The Rangers won their first Stanley Cup in 54 years, dating back to 1940, beating the Vancouver Canucks in seven games.

The Rangers winning this Stanley Cup drew 4.957 million viewers to the CBC, making it the highest-rated single CBC Sports program in history until the 10.6 million viewers for the men's ice hockey gold medal game between Canada and the United States at the 2002 Winter Olympics, when Canada won its first Olympic ice hockey gold medal since the 1952 Winter Olympics.[8] CBC commentator Bob Cole said that Game 7 was one of his most memorable TV games.[9]

MSG Network broadcaster Al Trautwig said that this Stanley Cup win by the Rangers was seen as the coming of age of the NHL's influence in Europe.[10] It marked the first time that the Russians got their names on the Stanley Cup and there were four who got that honor – Alexander Karpovtsev, Alexei Kovalev, Sergei Nemchinov and Sergei Zubov—giving a huge European television audience, including those watching on the brand-new television screens across the former Soviet Union, a Stanley Cup story to remember.[10]

Schedule and results[edit]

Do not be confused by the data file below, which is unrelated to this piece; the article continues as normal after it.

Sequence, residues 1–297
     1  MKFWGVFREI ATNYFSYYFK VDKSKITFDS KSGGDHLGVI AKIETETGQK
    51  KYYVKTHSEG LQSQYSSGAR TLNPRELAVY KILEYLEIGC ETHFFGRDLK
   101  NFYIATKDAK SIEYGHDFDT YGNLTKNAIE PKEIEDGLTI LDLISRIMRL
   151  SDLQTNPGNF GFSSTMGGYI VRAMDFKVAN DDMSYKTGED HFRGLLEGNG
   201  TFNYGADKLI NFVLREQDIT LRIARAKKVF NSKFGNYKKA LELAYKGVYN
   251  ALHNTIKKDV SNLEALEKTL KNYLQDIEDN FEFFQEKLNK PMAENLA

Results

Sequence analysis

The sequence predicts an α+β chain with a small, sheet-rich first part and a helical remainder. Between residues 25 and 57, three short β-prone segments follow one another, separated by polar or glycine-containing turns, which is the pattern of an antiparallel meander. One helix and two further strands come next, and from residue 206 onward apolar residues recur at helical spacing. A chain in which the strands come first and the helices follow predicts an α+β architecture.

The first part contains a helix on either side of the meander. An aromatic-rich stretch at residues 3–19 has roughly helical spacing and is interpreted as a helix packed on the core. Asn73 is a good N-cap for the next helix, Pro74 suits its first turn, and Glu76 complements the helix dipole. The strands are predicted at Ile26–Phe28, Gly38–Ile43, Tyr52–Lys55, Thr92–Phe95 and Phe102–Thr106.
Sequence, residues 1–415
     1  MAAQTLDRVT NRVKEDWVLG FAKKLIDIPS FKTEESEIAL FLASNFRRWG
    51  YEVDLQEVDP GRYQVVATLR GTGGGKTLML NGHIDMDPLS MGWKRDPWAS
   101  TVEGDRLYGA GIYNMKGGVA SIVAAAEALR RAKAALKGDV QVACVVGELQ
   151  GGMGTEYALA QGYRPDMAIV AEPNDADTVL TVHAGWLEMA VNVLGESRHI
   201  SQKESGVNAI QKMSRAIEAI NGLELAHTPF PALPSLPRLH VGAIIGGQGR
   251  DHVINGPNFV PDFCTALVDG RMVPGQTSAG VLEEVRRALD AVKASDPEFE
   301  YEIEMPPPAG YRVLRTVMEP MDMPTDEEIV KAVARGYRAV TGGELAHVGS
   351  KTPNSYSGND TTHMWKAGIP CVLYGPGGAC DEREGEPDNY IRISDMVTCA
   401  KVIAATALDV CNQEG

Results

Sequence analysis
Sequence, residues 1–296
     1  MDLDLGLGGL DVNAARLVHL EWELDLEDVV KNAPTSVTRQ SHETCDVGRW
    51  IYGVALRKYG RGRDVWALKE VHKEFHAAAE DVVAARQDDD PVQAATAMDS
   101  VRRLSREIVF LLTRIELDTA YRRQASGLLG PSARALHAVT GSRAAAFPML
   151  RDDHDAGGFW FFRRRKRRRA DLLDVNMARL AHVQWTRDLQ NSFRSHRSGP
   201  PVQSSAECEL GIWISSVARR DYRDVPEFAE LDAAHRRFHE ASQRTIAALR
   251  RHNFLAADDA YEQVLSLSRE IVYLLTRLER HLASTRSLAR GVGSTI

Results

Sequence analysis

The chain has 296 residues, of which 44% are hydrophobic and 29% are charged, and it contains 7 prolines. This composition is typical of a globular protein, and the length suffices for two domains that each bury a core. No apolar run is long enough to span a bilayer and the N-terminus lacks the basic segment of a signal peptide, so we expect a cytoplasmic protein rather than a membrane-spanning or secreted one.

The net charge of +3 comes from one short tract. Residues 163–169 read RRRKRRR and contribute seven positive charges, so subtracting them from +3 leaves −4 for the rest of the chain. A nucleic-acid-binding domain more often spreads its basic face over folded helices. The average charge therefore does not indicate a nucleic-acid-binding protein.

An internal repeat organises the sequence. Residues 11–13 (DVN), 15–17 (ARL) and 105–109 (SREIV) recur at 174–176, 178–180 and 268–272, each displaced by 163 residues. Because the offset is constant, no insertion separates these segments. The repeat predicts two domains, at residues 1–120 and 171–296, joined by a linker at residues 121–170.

Regular season[edit]

1993–94 Game Log: 52–24–8, 112 Points (Home: 28–8–6; Road: 24–16–2)

Legend:   Win (2 points)   Loss (0 points)   Tie (1 point)

Detailed records


1994 Stanley Cup playoffs

Legend:   Win   Loss

All times are EASTERN time

Player statistics[edit]

Regular season
Richter, MikeMike Richter 68 3710 42 12 6 159 2.57 1758 .910 5
Healy, GlennGlenn Healy 29 1368 10 12 2 69 3.03 567 .878 2
Richter, MikeMike Richter 23 1417 16 7 49 2.07 623 .921 4
Healy, GlennGlenn Healy 2 68 0 0 1 0.89 17 .941 0

Denotes player spent time with another team before joining Rangers. Stats reflect time with Rangers only.
Traded mid-season. Stats reflect time with Rangers only.



Pos = Position; GPI = Games played in; G = Goals; A = Assists; Pts = Points; PIM = Penalty minutes; +/- = Plus/minus; PPG = Power-play goals; SHG = Short-handed goals; GWG = Game-winning goals
Min, TOI = Minutes played; W = Wins; L = Losses; T,T/OT = Ties; OTL = Overtime losses; GA = Goals-against; GAA = Goals-against average; SO = Shutouts; SA = Shots against; SV = Shots saved; SV% = Save percentage;


Ranger games were carried on the MSG Network, with some games broadcast on MSG II due to conflicts with New York Knicks National Basketball Association and New York Yankees Major League Baseball games. The broadcast crew included Sam Rosen, Bruce Beck, John Davidson, and Al Trautwig.

The games were also broadcast on radio station WFAN-AM; the broadcast team included Marv Albert, Howie Rose, Sal Messina, and Steve Somers. Some games were broadcast on WEVD-AM due to conflicts with New York Knicks National Basketball Association games and New York Jets National Football League games.



# Nationality Player Position S/G Age Acquired Birthplace
33  United States Tony Amonte Right Wing Left 23 1988 Hingham, Massachusetts, United States
36  Canada Glenn Anderson Right Wing Left 33 1994 Vancouver, British Columbia, Canada
5  Sweden Peter Andersson Defence Left 28 1983 Örebro, Sweden
23  Canada Jeff Beukeboom Defence Right 28 1992 Ajax, Ontario, Canada